Arbor Day (or Arbour; from the Latin word arbor, meaning tree is an age-old tradition where groups are encouraged to plant and care for trees in their communities. “Arbor” or “arbour” comes from the Latin word “arbor” for trees.
Today, many countries continue to follow this tradition. Though usually observed in the spring, the date of Arbor Day varies around the world, depending on climate and the suitable planting season.
The first Arbor Day in the world was held in the small Spanish village of Villanueva de la Sierra, an initiative launched in 1805, by a local priest with the enthusiastic support of the entire population. In the US it originated in Nebraska City many years later in 1872.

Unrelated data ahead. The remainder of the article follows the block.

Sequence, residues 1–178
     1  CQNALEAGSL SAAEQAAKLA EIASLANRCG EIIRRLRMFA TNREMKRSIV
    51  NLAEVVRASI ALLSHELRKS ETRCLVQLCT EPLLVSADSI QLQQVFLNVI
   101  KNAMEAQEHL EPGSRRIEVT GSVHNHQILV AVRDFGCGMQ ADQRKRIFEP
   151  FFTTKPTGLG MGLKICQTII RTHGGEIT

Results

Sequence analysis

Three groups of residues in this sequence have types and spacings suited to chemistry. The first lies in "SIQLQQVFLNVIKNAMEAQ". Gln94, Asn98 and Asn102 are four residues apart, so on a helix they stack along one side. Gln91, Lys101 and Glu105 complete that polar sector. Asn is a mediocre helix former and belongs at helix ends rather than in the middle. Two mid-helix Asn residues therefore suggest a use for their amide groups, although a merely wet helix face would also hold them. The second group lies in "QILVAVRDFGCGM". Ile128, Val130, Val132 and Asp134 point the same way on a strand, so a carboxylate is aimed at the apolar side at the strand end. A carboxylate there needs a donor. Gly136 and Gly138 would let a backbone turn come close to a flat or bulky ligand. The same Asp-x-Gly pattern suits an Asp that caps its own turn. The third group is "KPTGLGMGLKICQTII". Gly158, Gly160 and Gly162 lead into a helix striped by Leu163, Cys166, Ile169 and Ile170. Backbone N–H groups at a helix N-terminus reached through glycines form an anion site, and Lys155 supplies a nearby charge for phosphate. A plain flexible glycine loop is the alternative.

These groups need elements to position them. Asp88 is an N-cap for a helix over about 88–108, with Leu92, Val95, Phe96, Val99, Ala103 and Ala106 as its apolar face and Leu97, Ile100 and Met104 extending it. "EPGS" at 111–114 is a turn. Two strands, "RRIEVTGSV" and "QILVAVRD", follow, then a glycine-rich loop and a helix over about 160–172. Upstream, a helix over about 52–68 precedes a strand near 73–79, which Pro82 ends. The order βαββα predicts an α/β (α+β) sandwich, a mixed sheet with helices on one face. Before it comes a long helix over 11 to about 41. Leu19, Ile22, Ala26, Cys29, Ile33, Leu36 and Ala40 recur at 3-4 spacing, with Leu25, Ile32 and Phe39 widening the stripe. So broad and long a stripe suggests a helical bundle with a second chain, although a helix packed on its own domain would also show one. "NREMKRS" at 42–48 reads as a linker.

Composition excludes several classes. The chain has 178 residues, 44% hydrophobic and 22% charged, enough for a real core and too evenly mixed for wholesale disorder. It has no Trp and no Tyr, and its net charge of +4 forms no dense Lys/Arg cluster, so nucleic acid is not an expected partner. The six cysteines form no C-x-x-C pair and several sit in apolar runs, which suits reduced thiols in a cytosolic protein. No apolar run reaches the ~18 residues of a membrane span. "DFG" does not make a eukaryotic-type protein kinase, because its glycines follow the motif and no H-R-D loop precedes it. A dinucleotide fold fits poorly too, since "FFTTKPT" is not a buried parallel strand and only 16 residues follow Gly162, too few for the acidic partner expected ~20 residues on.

In the Philippines, Arbor Day was declared through Proclamation No. 30 by former President Manuel Roxas in 1947, to be held every second Saturday of September of each year in schools and communities.
Most recently, it was revived through Republic Act 10176 or the Arbor Day Act of 2012 when President Benigno Aquino 3rd signed into law a bill reviving tree-planting day as yearly event for local government units.
The revival institutionalized Arbor Day to be observed every June 25 throughout the nation by planting trees as well as other environmental activities.